Creativity Prompts: July 19, 2014

On Saturdays, I’m posting some journaling prompts to get you to enjoy journal writing. My favorite way to handle these are to set a timer for three minutes, what+will+you+write+4read the question, and then write until the timer rings. I don’t go back and re-read while I’m writing, I don’t edit or listen to the inner critic. I just write. It’s freeing to not pick apart each sentence as you write it.

—You go see a doctor. What questions can you ask to make sure you get the best care, and not just a six-minute session and a prescription?

— Many birds are raised by their mothers alone. Write a letter from a father bird to his fledglings, explaining what they need to know and how to learn it. You can do this with different birds: hummingbirds and robins, for example.

—There are four-legged animals and two-legged animals, but no three-legged animals. Why did evolution favor even numbers–at least in legs?

—If you were handed a sealed envelope with the date, time and cause of your death inside, would you open it, even if there were nothing you could do to change your fate?

Have fun exploring your ideas and writing!

-–Quinn McDonald is a writer still in love with writing.

Saturday Prompts

It’s time for a switch. After years of posting links to art and artists, this Saturday I’m posting journal prompts. A lot of art journals are being painted and a lot of journals being bound, but not a lot are being written in. No surprise. Writer’s block strikes a lot of people. Stare at a blank page (no matter how many colors or layers it has) and your mind goes smooth and blank.

PromptsHere are some prompts to get you started filling your journals. Set a timer for three minutes and choose one of the prompts below. Write without editing your own thoughts or censoring yourself. Write down what shows up.

1. Lots of schools require some sort of uniform. Would you like it if your workplace made you wear uniforms? Supposing you got to design the uniform. What would it look like?

2.You’ve been mugged. You aren’t hurt, but you are shaken up. There is a cell phone on the ground, but it’s not yours. What would you do with it?

3. Is intelligence inherited? Which of your parents (or siblings) was the smartest? What criteria did you use to get to your answer?

If you use any of the prompts and come up with an interesting train of thought, leave it in the comments.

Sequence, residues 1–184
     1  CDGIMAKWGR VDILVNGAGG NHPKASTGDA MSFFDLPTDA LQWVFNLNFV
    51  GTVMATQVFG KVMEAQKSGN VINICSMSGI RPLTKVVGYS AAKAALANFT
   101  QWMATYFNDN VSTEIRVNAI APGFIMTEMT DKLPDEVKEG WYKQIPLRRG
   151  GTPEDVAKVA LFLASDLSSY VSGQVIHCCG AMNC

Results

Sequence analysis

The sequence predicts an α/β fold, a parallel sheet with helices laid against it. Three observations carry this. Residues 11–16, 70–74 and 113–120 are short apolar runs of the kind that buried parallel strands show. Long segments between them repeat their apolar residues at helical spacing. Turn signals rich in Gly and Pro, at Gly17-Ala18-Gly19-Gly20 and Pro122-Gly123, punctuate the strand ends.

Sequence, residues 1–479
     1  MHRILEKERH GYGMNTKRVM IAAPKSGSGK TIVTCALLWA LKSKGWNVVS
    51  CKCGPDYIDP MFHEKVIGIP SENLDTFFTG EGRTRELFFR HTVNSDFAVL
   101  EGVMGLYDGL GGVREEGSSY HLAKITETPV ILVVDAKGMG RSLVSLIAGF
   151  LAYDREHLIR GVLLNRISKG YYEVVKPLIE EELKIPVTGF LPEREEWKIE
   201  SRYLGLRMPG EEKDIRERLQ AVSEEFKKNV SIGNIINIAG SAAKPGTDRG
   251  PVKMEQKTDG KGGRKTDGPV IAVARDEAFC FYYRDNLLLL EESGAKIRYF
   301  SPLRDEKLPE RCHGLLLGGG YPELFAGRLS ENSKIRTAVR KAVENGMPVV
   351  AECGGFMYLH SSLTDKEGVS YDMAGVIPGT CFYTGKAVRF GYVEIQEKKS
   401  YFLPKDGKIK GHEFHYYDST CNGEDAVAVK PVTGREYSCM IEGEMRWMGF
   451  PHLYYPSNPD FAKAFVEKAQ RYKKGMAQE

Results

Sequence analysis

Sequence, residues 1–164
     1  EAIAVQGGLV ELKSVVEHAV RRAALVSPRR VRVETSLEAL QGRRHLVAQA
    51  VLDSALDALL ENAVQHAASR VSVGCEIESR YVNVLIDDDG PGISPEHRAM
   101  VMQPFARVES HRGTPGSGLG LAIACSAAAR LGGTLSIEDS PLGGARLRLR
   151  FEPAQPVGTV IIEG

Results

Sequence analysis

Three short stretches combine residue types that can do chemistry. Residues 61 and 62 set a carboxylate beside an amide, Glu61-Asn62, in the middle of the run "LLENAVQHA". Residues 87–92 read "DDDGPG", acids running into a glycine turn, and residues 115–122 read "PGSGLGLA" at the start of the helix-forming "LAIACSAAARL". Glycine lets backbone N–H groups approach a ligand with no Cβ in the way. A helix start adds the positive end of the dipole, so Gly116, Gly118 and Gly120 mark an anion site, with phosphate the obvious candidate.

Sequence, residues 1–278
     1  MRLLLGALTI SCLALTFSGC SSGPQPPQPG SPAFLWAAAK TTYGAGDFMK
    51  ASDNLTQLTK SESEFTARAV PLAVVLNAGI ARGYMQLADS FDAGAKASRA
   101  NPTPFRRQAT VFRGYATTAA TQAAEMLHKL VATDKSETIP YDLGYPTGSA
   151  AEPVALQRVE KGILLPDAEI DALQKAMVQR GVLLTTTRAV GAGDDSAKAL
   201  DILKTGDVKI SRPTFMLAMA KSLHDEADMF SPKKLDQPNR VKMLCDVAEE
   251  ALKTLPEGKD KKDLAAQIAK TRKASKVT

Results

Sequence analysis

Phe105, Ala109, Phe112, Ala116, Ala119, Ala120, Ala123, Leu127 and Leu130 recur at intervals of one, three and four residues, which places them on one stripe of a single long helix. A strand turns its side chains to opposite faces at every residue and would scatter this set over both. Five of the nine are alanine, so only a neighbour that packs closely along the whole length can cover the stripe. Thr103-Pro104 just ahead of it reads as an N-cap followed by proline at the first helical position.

Happy exploring!

—Quinn McDonald is a writer who is exploring the interior.

Books Remain the Same

Reading a book–in any way that thrills you–is an experience. There are books that I have read more and more slowly as I came to the end because I couldn’t bear to not have the characters in my life. Pillars of the Earth. The Cider House Rules. The Women’s Room. The Thorn Birds

books1

There are books I forced myself to finish because I knew I should. Middlemarch. Bleak House. Portrait of an Artist as  Young Man. The Red and the Black.

There are books I could not force myself to finish, even if they were short, and popular. My eyes rolled so hard I was afraid they would get stuck in the top of my skull. The Bridges of Madison County. Anything by Nicholas Sparks.

books2

And years later, the opinion formed the first time I read the book becomes how I think of the book.

Lately, I’ve taken to re-reading books I loved or hated years ago. There have been some big surprises. Books that I thought were complex and deep suddenly seem less nuanced. Books that I thought were silly and trivial now seem to strike the heart of human experience.

books3

Slowly it dawned on me. The books are the same. Same words. Same content. But the reader has changed. Life does that to you. And as the reader changes, so does the opinion of the book. As true as it is that one does not step into the same river twice, it is true that a reader does not read the same book twice.

And that is why every room of my house has a bookcase jammed with books. Because I keep going back to read books that have changed while sitting patiently on the shelf.

-–Quinn McDonald also reads ebooks and listens to audiobooks. She loves it all.

Aside

Super-specialized art supplies are fun and can ease the tedious part of creative work. What makes special supplies most useful is combining them with the basics you love and use every day. Here are my four new favorites for everyday … Continue reading

Cleaning Up Your Act (and Creativity)

A few weeks ago, when the studio was still a paper dump, the big decision was not to clean it, or even how to clean,  but what to keep and what to scrap.

Cleaning out the bookcase was a choice-struggle, but it worked. And then the hard work began. Here’s what I did:

Collage_Couple

“Inspiration,” collage © Quinn McDonald, 2014. Monsoon Papers on mixed media paper.

For three days, I worked on projects that spoke to me. Carefully chosen, they were the result of a lot of thinking about expressing my creativity in ways that resonate with who I am and who I would like to become.

The next two days were spent in listing the materials needed to make the artwork. Another list for teaching materials. Everything else was considered and put in boxes to give away.

One of my big realizations was that I often buy an art supply thinking it will make my art better: “If I have this glaze, I will be a better painter,” or “If I have this tool, it will make me more creative.” Neither is true. But that “hope in a tube” belief is the foundation of a lot of art and craft supply companies.

Out went the rubber stamps I never used, the watercolors I hoped to get good at, and single-use tools. Out went a lot of brand-name toys I rarely use and bought to make myself feel better. A lot of my purchases fell into the emotional-eating equivalent of chocolate.

I kept everything I use to create collage–papers, inks, paints, watercolor pencils, watercolor markers, different glues, and rulers, cutters, and corner rounders.

My studio is now much airier, brighter, and less cluttered. The equipment I use is at hand, and a school is going to be a lot happier with the art supplies that fill up my trunk.

Creativity needs some good tools, but emotional supply buying is much like emotional eating. It feels good, but it’s not supportive of growth and health.

–Quinn McDonald is a collage artist, writer and creativity coach who lives her belief in creativity.